plenty of people who don't think they have bad eyesight actually do
    have bad eyesight, and it only shows up on a chart, especially for
    something like astigmatism.
     
    Guest, Nov 21, 2009
    #34
  15. Ooh, that's exciting, isn't it?
    If you're incapable of avoiding blurry results with a good lens, there's
    no use in testing them. Unless you only use them to shoot test charts, in
    which case I'd advise to get a flatbed scanner.
    As long as it only shows up in a chart, I don't care.
     
    Robert Spanjaard, Nov 21, 2009
    #35
  16. Robert Coe

    Guest Guest

    Ooh, that's exciting, isn't it?[/QUOTE]

    it means that you can't tell whether a blurry result is because the
    autofocus was a little off or the lens itself is no good. if one side
    of the image is blurrier than the other (a common problem with the
    sigma 10-20), you won't be able to tell if it's the lens or if the
    camera was not parallel to the subject.
    better find another hobby then. there are a lot of reasons why a good
    lens can produce blurry results, sometimes intentionally.
    in other words you don't actually care about getting a top quality
    lens. that's fine.
     
    Guest, Nov 21, 2009
    #36
  17. If you find it so hard to judge quality, then how do you shoot _real_
    photographs after testing the lens? Do you always rely on auto-everything
    and hope for the best?

    Again, my way of testing seems to work just fine for real-life results.
    If you intentionally produce blurry results while you're trying to avoid
    them, then I'm not the one who needs to find another hobby.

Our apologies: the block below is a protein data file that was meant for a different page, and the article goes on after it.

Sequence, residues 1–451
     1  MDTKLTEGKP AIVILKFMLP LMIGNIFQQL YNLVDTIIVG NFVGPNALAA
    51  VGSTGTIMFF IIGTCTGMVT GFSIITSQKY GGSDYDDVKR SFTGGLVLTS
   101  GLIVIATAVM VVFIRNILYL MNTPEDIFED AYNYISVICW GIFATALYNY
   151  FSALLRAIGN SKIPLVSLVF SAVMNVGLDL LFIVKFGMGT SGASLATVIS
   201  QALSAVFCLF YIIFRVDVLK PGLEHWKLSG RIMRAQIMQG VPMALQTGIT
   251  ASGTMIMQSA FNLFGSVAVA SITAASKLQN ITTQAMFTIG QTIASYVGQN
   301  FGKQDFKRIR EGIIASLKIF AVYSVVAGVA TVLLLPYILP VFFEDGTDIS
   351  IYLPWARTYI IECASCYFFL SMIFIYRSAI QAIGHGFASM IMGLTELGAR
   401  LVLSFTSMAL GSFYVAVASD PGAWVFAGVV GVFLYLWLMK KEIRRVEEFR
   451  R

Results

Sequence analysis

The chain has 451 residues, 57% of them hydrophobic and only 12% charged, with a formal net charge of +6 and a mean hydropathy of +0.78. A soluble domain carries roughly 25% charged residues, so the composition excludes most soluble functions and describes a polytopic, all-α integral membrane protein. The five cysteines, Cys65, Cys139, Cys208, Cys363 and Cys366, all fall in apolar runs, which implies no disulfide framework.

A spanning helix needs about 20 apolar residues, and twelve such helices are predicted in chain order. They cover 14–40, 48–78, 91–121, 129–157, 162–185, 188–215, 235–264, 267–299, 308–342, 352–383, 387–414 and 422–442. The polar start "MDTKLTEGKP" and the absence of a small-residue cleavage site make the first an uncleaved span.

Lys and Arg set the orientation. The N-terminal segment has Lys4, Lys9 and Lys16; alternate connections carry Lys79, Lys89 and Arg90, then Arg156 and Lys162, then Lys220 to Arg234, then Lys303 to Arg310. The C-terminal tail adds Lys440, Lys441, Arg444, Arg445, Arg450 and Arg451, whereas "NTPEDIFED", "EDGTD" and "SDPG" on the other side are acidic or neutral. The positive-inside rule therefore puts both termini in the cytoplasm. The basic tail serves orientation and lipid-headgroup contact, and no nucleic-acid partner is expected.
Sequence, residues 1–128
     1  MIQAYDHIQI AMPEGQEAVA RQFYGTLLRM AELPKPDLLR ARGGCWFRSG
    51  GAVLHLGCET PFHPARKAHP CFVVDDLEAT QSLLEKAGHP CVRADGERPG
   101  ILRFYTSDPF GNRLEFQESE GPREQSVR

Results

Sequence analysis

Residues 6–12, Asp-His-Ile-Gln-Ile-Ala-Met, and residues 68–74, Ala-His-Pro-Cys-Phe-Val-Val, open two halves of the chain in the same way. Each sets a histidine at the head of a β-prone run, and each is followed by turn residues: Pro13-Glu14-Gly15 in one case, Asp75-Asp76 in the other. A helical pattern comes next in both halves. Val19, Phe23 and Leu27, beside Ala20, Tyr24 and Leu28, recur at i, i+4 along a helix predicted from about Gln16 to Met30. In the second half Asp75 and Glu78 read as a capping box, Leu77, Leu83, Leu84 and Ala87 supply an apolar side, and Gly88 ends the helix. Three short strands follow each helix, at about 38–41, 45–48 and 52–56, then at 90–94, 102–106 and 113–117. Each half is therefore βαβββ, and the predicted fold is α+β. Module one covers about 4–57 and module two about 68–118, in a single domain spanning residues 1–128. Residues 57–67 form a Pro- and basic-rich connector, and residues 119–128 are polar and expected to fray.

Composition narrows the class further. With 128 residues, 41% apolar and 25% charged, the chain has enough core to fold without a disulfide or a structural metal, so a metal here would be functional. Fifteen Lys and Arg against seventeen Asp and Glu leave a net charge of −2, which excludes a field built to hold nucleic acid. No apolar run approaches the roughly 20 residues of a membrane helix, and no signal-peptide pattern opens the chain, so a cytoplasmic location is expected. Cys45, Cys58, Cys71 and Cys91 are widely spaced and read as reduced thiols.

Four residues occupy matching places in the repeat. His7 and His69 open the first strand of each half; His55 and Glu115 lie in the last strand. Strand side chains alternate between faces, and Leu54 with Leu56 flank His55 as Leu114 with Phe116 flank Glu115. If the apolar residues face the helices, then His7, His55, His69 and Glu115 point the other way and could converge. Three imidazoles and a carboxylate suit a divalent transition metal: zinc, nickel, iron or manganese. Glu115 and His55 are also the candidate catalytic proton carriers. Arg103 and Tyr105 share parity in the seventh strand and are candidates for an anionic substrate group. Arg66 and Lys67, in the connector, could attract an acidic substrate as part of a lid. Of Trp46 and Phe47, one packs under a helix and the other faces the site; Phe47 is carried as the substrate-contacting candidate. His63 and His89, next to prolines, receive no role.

Not if the extra quality can only be seen in test charts.
     
    Robert Spanjaard, Nov 21, 2009
    #37
  18. Robert Coe

    Guest Guest

    who said anything about avoiding it? have you not heard of shallow
    depth of field? how about soft-focus or vignette filters? sometimes
    blur is intentional.
    if you can't see the difference between a crappy lens and a good lens,
    then by all means, don't spend extra on the good lens. it's wasted.
     
    Guest, Nov 22, 2009
    #38
  19. Drivers taking too long to read signs and so on because their eyes
    are bad are dangerous. They are twice as dangerous if they don't
    notice their eyes are that bad. Thrice as dangerous if *other*
    people start to notice them taking so long ...[1]

    It might "show up" only in a chart --- but it can cause accidents
    and fatalities outside a chart, in real life. Then it is too late.

    -Wolfgang

    [1] No, I'm not inventing that.
     
    Wolfgang Weisselberg, Nov 22, 2009
    #39
  20. Robert Coe

    Me Guest

    Isn't the Dx version of a "kit" lens, in the range of say 18-55 or
    18-85mm affordable?".
    As far as the Sigma goes, it's surprising that after several years,
    Sigma didn't really improve the lens apart from fixed aperture. The old
    version was much better at 10mm. Stopped down, which is compositionally
    where most people want to use these ultra-wides almost all the time, any
    of them are probably okay.
    I use the old Sigma 10-20, On my D300 it equalled or outperformed my
    17-40l /Canon 5d combination, particularly edge/corner performance.
     
    Me, Nov 22, 2009
    #40